Call it the “Dave Grohl Show” perhaps; that would be most apropos and accurate. Sure, it was Foo Fighters that played, but it was singer-guitarist Grohl and his unyielding desire for attention, his wild and crazy antics, and his unkempt, 80s-era, glam-metal hairdo that became the predominant focus of the evening. Comprised of over twenty songs, the gig turned into a marathon. It was part standup comedy routine too, as Grohl hilariously waxed un-poetically about his arduous bout with “uncontrollable diarrhea” that led to the initial cancellation of this show which was supposed to take place in January. For over two hours, Grohl did everything in his power to make amends to the Oklahoma City crowd for the band’s postponement. Wired and fired up beyond belief, Grohl told myriad jokes and taunted the unfortunate folks in the “shitty” and “sucky” seats (his words). He head-banged the night away, even while playing acoustically, and danced on top of an amplifier. (During a show I witnessed in Kansas City some years ago, Grohl climbed onto a restroom facility to perform.) Most importantly, however, Grohl expressed sheer joy and a recognizable and profound love for his devotion to the music. A self-professed high school dropout, Grohl proved to the sold-out crowd that he had made it doing what he cherishes. Who would have fathomed that the mousey drummer for Kurt Cobain would turn out to be so undeniably successful? Foo Fighters may lack, by and large, the kind of malaise, sorrow, and despondency of Grohl’s former band, but the band has acquired a similarly massive following. Over the subsequent years since their inception, Foo Fighters have graduated to arena rock, superstar status, and Dave Grohl could not be prouder. Fans at the packed venue cheered Foo Fighters’ every move, and much of it was justified. Having just returned from a recent two-night stint at London’s Wembley Stadium, during which the band played with members of Led Zeppelin, the band was on a high. Confidence aside, the reality was that most of the band’s songs were genuinely superb and heartfelt, while many were more successful in the live context than on record. Unfortunately, several songs did not fare so well. An unpredictable rendition of “Let it Die” was truly worthwhile and rather spectacular, as Grohl managed to turn it into a loud, banging wall of thrash-punk. On the other hand, “Long Road to Ruin” sounded dull, unbecoming, and altogether unremarkable; it lacked the verve necessary to be impressive. Stick to the record for that song. For “Let it Die”, a mellow song on record, logistics were impeccably planned; it didn’t hurt that it was the opener. The band took to the stage, but Grohl, who arrived last of course, continued down the “catwalk” like Kate Moss, heading to the end of the arena, greeting fans along the way. I thought, at first, it was a twisted episode of Project Runway with a delusional, megalomaniacal musician demanding adoration. But I was incredibly wrong. Grohl wasn’t cavalier in his antics, and he wasn’t playing savior to the flock. Rather, I got the sense that he was truly thankful to, as simple as it sounds, perform his music. When he strayed back to the main stage it was time to play; the confluence of the song’s infuriated, angst-ridden lyrics and Grohl’s well-timed guitar playing turned the tune into an excellently executed song. “Cheer Up, Boys (Your Make Up is Running)”, also from the Grammy award-winning album Echoes, Silence, Patience & Grace, was another fun and reliably entertaining live song. But surprisingly some of the band’s big hits fell flat. “Times Like These”, which received unlimited radio play, did not stand out amid a set of high-paced, frenetic, and grungy-pop songs. The same was true for “Big Me”, an older song in the band’s catalog. It came across as ridiculous pop candy and didn’t seem to belong on the set list. Grohl himself failed to take the song seriously; it was under-performed, as Grohl only slightly stroked his guitar, and perhaps more damning, he comically referred to the song’s video, a feel-good parody of a Mentos commercial. He genuinely seemed ashamed to play it, and probably should have been. The band’s unusually lengthy acoustic set was also a relative low-point: “Everlong” should have been performed with an electric guitar throughout. But the unplugged set did feature a triangle solo by Drew Hester, and a memorable performance of “My Hero”, during which Grohl persuaded the crowd to sing along. Without a doubt, the best songs of the evening were drum-heavy. Notwithstanding Taylor Hawkins’s rather tedious solo, his influence on the songs “Breakout” and “Stacked Actors” was hard-hitting, punk grandeur. Better yet, the combination of Grohl’s vocals and Hawkins’s drums intensified the major hit, “Monkey Wrench”, which was rightly chosen for the latter part of the show. During “Stacked Actors” (rumored to be about Courtney Love), Grohl emphatically reinforced its caustic, satirical lyrics, eschewing all things (and beings) insincere; Grohl was unquestionably adamant and animated throughout. The latter part of the show saw Grohl transfixed with enthusiasm as he mouthed the lyrics along with the crowd as he performed. A remarkable show, however minutely flawed.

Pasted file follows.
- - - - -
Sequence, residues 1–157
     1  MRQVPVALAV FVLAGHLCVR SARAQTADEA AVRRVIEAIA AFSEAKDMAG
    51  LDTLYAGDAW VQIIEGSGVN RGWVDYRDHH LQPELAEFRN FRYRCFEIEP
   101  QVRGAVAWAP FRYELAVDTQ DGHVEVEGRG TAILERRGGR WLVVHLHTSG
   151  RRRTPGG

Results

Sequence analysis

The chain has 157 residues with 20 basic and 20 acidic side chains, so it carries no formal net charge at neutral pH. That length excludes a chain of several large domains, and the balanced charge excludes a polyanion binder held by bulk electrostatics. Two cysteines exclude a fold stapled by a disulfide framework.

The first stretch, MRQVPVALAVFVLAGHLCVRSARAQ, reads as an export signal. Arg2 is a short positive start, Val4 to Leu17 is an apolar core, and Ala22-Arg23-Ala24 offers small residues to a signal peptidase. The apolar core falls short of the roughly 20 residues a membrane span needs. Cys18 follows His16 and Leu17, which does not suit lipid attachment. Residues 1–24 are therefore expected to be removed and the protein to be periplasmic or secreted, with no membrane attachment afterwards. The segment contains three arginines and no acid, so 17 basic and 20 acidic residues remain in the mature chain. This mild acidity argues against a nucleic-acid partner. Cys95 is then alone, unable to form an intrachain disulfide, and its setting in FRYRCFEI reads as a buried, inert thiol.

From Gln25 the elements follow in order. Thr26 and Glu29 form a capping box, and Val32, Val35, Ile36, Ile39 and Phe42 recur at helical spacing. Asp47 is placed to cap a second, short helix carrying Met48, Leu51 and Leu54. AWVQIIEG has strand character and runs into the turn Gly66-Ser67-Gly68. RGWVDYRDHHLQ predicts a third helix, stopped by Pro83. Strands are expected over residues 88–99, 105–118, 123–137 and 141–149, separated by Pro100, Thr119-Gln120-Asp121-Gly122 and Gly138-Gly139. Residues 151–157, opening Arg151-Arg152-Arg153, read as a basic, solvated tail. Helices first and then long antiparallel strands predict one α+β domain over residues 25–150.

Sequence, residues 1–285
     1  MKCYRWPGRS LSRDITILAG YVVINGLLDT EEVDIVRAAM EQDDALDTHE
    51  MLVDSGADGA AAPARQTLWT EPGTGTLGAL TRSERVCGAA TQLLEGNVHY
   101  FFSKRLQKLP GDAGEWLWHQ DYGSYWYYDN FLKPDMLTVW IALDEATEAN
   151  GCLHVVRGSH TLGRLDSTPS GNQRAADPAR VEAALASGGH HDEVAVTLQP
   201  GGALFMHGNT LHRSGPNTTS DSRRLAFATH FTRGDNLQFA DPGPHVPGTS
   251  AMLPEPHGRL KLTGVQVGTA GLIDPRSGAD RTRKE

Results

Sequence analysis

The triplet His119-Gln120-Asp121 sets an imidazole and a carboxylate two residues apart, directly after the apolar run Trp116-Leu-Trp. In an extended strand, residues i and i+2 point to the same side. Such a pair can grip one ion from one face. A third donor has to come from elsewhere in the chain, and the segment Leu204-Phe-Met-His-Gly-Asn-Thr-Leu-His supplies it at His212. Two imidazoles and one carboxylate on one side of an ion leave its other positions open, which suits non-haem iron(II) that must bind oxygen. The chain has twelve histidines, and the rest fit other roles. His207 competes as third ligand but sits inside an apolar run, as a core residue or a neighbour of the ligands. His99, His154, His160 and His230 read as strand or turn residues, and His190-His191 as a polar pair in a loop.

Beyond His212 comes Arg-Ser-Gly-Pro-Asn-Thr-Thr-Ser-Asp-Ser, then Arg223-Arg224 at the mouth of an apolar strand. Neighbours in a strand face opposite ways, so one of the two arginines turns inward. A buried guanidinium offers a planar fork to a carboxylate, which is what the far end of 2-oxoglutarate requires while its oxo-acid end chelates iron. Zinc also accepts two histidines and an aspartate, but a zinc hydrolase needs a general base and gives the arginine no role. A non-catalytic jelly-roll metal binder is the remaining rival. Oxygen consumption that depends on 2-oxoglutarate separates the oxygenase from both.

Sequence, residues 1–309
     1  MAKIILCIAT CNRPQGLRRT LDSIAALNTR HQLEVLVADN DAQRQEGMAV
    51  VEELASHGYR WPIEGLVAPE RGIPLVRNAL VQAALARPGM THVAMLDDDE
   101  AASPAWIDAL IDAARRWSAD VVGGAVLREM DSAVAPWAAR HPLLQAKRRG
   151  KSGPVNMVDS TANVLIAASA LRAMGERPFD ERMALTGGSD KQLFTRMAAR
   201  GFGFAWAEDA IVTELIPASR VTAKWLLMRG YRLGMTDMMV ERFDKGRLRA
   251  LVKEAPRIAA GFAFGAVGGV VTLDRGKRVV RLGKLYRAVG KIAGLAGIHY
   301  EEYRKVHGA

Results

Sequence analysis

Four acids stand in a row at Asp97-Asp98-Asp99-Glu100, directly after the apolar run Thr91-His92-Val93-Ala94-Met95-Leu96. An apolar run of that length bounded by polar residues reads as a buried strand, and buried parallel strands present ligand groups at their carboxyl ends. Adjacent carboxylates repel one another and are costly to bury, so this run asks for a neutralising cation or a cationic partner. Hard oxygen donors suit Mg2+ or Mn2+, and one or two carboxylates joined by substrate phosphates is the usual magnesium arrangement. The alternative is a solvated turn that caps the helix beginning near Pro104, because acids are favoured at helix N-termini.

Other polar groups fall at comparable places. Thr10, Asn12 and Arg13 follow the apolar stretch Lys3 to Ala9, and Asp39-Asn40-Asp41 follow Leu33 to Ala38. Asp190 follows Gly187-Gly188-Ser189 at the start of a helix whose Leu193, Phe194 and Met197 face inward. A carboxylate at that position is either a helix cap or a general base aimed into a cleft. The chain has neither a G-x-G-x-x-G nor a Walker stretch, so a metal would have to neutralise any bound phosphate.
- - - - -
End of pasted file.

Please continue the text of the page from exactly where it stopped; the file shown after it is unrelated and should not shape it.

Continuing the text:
From genre-busting electronic music to new highs in the ever-evolving R&B scene, from hip-hop and Americana to rock and pop, 2017's music scenes bestowed an embarrassment of riches upon us.